By John Sabapathy

In July 2020, University of London press published Individuals and Institutions in Medieval Scholasticism, the latest title in New Historical Perspectives, an Open Access series for early career historians from the IHR and the Royal Historical Society.

In this post, editor John Sabapathy introduces the volume, considers the value of collaborative working with ECR researchers, and the resonance of scholasticism in current debates over humanities research.

Historians like dealing with individuals. Their enthusiasm about institutions has been less apparent over recent decades. In part this is due to an understandable reaction against institutions’ longstanding dominance of historical curricula, often in the classic forms of parliaments, political parties, governmental apparatuses ‘the Church’ and the like. If institutions could never entirely go away though, they have certainly become a less modish topic for historical analysis. ‘Institutional’ risks becoming one of the more boring essential adjectives in the historian’s lexicon. Yet, given their centrality to all human activity, past or present, any society which starts to find institutions uninteresting is in deep trouble. Our new edited collection, Individuals and Institutions in Medieval Scholasticism—just published in the Royal Historical Society’s New Historical Perspectives series, by the Institute of Historical Research and the University of London Press—arose from an observation that there was important work to be done on this inside the historiography of one the Middle Ages’s totemic products: scholasticism.

Scholasticism was a strange cumulative lump of authoritative texts, pedagogical forms, interpretative devices, analytical styles, organizational structures, and Christian ideological armature. It was extraordinarily long-lived (say the twelfth to the seventeenth century), extraordinarily widely dispersed across Europe, and extraordinarily powerful. Many of its techniques persist today and still shape aspects of university life, itself of course a medieval invention. Its experts were called upon to judge various causes célèbres, from the destruction of the Templars to whether popes held heretical views. ‘Scholasticism’ then was in no way confined to universities, but rather spilled out to inform and shape many other public debates and problems.

So scholasticism was explosive at points, perhaps an unexpected claim for an ensemble intended to determine painstakingly the truth about the world. Then again, perhaps it is entirely predictable that such a venture would generate much heat and light for its contemporaries. The history of scholastic individuals and institutions has been generally treated either as a simple intellectual genealogy of schools and doctrines, or a constitutional history of particular organizational forms. Individualization has often been seen as a matter of dissent and heterodoxy in relation to orthodox teachings or ideas (dissenters, such as Peter Abelard, generally being more ‘individual’ than ‘orthodox’ thinkers). ‘Institutionalization’ itself has tended historiographically to comprise successive exercises in the promulgation of organizational statutes, risking static and sterile histories.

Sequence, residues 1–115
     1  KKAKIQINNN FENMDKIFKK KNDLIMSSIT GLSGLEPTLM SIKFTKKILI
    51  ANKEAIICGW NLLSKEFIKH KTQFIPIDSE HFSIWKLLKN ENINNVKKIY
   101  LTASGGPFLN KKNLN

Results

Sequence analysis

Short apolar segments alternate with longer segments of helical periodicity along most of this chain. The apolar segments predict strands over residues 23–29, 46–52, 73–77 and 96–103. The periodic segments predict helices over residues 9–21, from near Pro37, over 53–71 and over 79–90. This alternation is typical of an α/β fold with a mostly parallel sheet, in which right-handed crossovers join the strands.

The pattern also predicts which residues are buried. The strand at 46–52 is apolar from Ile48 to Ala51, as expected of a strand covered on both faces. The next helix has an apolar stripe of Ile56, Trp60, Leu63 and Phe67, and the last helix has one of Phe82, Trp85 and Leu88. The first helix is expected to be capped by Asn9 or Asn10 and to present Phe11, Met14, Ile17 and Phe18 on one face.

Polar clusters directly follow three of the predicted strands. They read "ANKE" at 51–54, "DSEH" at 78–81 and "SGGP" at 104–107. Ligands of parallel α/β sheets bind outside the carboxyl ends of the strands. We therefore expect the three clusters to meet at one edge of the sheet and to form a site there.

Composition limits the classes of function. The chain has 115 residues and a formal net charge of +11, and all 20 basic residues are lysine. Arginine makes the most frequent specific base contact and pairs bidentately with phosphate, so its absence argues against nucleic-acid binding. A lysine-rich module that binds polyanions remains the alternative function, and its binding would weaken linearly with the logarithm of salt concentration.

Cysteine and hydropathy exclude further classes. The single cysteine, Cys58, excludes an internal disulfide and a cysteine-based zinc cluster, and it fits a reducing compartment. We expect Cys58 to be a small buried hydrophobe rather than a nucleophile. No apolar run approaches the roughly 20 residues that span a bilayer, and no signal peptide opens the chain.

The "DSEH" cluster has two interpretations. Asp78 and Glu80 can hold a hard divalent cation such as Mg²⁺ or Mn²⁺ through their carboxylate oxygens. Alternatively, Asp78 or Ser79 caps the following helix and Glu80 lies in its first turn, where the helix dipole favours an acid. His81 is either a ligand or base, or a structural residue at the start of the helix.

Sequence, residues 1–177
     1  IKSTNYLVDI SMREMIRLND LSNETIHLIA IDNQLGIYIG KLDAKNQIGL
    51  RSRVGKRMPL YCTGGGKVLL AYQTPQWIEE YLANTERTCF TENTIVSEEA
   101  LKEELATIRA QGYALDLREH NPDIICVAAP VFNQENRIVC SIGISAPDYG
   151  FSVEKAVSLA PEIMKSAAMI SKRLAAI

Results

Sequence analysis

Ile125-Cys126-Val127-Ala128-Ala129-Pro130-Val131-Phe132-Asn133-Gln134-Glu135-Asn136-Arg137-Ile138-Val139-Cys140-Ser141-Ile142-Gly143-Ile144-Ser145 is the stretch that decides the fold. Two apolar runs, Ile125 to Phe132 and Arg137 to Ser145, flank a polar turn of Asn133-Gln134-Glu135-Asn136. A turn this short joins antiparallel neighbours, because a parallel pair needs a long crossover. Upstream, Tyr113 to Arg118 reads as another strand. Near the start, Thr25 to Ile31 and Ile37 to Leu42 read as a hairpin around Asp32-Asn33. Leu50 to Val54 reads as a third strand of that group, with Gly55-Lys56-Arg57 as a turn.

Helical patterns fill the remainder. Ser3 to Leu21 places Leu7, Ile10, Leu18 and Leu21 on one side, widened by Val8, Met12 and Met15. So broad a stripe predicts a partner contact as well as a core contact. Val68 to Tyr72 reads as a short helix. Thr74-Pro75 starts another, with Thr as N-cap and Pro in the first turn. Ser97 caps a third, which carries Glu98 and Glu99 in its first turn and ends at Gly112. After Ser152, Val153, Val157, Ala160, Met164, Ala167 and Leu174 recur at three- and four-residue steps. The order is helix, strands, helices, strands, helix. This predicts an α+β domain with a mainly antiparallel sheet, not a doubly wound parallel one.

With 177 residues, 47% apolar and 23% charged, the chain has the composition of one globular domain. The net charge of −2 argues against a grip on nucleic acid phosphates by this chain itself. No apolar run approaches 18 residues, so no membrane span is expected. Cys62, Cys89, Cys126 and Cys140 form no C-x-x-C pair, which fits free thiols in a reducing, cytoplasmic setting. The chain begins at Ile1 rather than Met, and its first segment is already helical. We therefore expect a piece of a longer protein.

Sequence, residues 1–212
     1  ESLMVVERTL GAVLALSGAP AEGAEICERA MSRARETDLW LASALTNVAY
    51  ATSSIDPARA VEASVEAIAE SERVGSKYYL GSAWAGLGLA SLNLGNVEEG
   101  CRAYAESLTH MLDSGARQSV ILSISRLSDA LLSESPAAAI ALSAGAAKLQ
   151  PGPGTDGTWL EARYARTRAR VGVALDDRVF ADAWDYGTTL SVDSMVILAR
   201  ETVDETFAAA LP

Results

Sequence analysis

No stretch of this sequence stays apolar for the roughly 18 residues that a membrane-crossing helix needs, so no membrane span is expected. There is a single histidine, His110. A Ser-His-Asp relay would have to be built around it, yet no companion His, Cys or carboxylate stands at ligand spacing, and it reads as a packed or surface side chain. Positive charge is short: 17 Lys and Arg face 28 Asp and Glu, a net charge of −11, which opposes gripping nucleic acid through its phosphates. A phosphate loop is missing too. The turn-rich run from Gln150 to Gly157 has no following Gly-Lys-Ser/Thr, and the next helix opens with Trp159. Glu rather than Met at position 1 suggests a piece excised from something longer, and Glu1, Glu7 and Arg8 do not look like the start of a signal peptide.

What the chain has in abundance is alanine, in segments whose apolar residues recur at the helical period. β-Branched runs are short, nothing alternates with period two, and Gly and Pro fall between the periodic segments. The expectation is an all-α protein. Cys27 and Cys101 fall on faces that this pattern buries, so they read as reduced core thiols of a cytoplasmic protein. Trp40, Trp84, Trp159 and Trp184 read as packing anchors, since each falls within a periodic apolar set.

Neither individuals, their institutions, nor scholasticism have been especially well-served by such approaches. Yet scholasticism is interesting precisely because it so obviously combines the ‘turboprof’ individualism of an Abelard, with a spread of institutional practices (the lecture, the commentary, the gloss, curricula etc.) and a pick and mix of organizational forms (faculties, colleges, ethnic ‘nations’). Individuals and institutions interpenetrate to the greatest degree. The field is, indeed, a good case study for those interested more widely in such interactions.

However, historians have, as I say, less often foregrounded the ways that the different layers co-determined one another or how they interacted and conflicted in different contexts. That is what our new collection does. An interesting example, examined in our introduction, is the great R. W. Southern (1912-2001), a former president of the Royal Historical Society. Southern worked on both individuals (St Anselm), intellectual practices (his opus magnum on Scholastic Humanism and the Unification of Europe) and ‘harder’ organizational aspects of medieval thought, but often in distinct registers.

In our introduction Antonia Fitzpatrick and I use cases such as Southern’s to open out different approaches that medieval historians have taken to both individuals and ‘individualism’, as well as a range of techniques useful for analysing institutions (from Alasdair MacIntyre’s traditions to Mary Douglas’s thought styles to Niklas Luhmann’s systems thinking). Both the introduction and the volume as a whole deliberately bring together work from different European historiographical traditions—a point nicely analysed in David d’Avray’s afterword. A deal of this is not readily accessible in English and another aim is to provide students with a stocktaking as well as a clear sense of some important recent approaches to these topics. Individuals and Institutions also quite deliberately brings together a range of senior and more junior voices—that the New Historical Perspectives series itself is designed to welcome early career researchers is entirely fitting.

We hope an edited volume like this can counterpoint such contrasting perspectives in a way that the synthetic vision of a monograph could not. In the volume Gert Melville and Sylvain Piron’s chapters exemplify this nicely. Melville is interested in how the charisma of the organic intellectual founding new religious groups becomes formally institutionalized, informed by scholastic modes. Piron’s analysis of the Franciscans by contrast shows how the charismatic Peter John Olivi used his scholastic arsenal to interrogate the institutional form of his own organization, the Franciscans.